Is the Umno president the PM’s sword of Damocles?

Shankar R. Santhiram, Free Malaysia Today

Professionally, as a leadership coach, I get company managing directors, CEOs and line managers asking me how to deal with team members who question their leadership authority. This is common, especially when you have ambitious underlings.

Typically, these people will employ a few strategies to undermine you.

They will subtly sabotage you during meetings by asking questions that raise doubts about your ability. Colleagues or subordinates like this will complain about you to everyone else, except you. And, they will also relentlessly gossip to tarnish your reputation, and act divisively to destabilise you.

To help deal with these types of co-workers, I usually suggest three steps.

The first is to clarify your role. You must remind the person questioning you that you were appointed by the board of directors or the stakeholders, and that you take your appointment very seriously.

Next, you have to set strong boundaries with these people.

They must know you will not relinquish your leadership easily. You will show that you are always open to team members disagreeing with you, but dissent must be aired in a civilised and respectful manner.

And that you have clear boundaries with consequences if they cross the line. If there are serious breaches of behaviour, you won’t hesitate to call them out.

The final step is that all conflict must be dealt with head-on.

If someone persistently pushes their agenda, you’ll listen but you will also re-state what your stand is. When they try to derail conversations, you will redirect them to the matter at hand, and ultimately, you will take control assertively.

Leaders sometimes hope that by ignoring a problem, it will simply disappear. This doesn’t happen. If you don’t deal with a problem or a problematic person, others will wonder if you really have the skill to lead.

Doesn’t my perspective sound reasonable, for both my coachees and for anyone in a leadership position?

Perhaps this information should have been relayed to the top leadership of Umno.

In their recent general assembly, the leaders decided that the best way to deal with anyone who questions them is to shut down the entire democratic process, and not allow room for opposing views.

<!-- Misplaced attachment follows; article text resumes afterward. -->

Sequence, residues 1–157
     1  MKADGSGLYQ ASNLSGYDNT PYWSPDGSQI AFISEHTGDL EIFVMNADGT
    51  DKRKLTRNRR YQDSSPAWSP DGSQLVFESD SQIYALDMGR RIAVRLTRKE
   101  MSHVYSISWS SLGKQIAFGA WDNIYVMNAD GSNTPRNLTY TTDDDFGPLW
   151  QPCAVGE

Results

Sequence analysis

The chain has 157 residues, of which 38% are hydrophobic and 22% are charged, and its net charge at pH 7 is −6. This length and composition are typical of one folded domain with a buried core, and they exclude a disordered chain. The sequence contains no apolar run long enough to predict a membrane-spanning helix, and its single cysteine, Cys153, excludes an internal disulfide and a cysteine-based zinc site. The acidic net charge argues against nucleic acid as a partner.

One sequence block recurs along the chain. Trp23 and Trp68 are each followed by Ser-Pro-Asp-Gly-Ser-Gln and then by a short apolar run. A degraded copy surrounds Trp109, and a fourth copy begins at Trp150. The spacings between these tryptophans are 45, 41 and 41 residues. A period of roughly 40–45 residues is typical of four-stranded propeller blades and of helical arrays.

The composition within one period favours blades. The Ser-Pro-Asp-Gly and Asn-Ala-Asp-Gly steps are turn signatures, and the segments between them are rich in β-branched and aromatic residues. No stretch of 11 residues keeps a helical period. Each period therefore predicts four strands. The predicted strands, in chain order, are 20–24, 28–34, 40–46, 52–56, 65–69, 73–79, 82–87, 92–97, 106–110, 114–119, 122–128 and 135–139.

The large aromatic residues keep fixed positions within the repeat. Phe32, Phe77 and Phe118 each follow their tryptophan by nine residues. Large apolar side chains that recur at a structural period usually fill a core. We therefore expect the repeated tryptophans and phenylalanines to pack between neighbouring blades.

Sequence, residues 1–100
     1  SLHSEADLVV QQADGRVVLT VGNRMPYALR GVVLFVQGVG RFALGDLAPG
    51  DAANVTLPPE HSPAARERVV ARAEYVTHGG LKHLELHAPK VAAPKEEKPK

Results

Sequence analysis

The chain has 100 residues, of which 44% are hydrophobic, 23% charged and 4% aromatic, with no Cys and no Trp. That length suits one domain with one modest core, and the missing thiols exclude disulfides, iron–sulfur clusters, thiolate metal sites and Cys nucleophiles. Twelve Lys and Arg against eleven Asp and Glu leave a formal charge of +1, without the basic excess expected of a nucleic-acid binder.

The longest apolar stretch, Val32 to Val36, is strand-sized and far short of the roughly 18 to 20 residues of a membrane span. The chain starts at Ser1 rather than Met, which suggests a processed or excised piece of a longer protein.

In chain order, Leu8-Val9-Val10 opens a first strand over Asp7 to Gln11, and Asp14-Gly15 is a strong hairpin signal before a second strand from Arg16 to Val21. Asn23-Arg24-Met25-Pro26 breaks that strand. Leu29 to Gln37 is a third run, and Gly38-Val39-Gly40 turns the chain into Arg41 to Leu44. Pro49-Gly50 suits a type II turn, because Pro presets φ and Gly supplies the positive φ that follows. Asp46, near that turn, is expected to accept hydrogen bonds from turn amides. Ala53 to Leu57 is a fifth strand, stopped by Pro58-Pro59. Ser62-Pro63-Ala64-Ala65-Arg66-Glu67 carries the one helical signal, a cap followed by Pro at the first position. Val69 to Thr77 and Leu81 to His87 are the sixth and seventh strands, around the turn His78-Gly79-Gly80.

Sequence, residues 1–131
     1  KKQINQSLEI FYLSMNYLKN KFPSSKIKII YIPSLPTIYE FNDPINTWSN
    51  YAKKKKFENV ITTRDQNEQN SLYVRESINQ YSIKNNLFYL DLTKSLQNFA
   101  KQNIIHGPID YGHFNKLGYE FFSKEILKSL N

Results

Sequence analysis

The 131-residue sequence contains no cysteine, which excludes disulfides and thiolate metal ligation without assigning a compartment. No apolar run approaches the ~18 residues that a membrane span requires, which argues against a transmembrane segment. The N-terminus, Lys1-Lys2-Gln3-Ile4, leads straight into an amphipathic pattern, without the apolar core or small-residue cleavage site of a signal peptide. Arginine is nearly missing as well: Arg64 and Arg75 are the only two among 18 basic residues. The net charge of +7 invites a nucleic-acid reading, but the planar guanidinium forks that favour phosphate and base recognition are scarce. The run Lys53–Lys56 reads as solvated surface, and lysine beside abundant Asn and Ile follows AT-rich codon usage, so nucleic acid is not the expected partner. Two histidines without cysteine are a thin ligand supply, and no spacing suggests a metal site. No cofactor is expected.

Of course, the Umno leadership will say that a voice/stand-up vote was taken, and the majority of the members present at their assembly, agreed to the ‘no-contest’ motion for the top two positions.

But what about the loud voices of dissent in the party, like the pleas by their vice-president, and some popular Supreme Council members that barring a contest serves only to weaken and undermine the party?

Since the time Dr Mahathir Mohamad helmed Umno, when incumbents faced serious challenges to their authority, leaders routinely used this method of bulldozing through resolutions that allow for ‘no contest’ for the top jobs. They used this ploy to strengthen their authority, and to extend their tenure in office.

But we all know that when leaders employ this tactic, it simply means that they are vulnerable and weak. When someone isn’t brave enough to test their leadership authority in a clear and unambiguous manner, the suspicion is that they don’t actually command the confidence of their own people.

For many, the main task of the present government is to bring Malaysia back from the brink of catastrophe. In 2018, 52% of the popular vote secured the government. But only for a measly 22-months. Then, the interlopers took over and pursued their own schemes.

In 2022, it was total pandemonium, with no coalition securing enough seats to form a government. Finally, the solution to the impasse was this current ‘unity’ government.

Led by Anwar Ibrahim, this unity government had to include BN, and specifically Umno.

So, those who wanted a government formed on the ‘good-governance, corruption-free’ platform, had no choice but to begrudgingly accept the current president of Umno being appointed as a deputy prime minister, even though he is still being pursued in the courts of law on allegations of corruption.

Many assuaged themselves by declaring that this was alright since we needed a stable and non-fanatical government. The prime minister seemed upright enough, and could rely on his allies in tough times.

But what does this ‘no-contest’ declaration show? Does our deputy prime minister actually bring stability to this unity government or is he a liability?

Should we just sit back and not be critical of this seemingly ‘undemocratic’ move by a party that contributes six ministers in the current Cabinet?

If the current Umno president is successfully challenged, and a new leader emerges, will this unity government collapse? Is this unity government that purports to ‘save’ Malaysia, just held together so precariously?

And, is the frightening alternative only an ultra-nationalistic and religious government, and not a unity government partner in the form of a corruption-free Umno?

Do progressive Malaysians accept that our prime minister will have a sword of Damocles, in the form of the current Umno president, hanging over him for the next five years?

Then what real reforms can we expect?

There seems to be a whole lot of questions now, rather than answers, for us.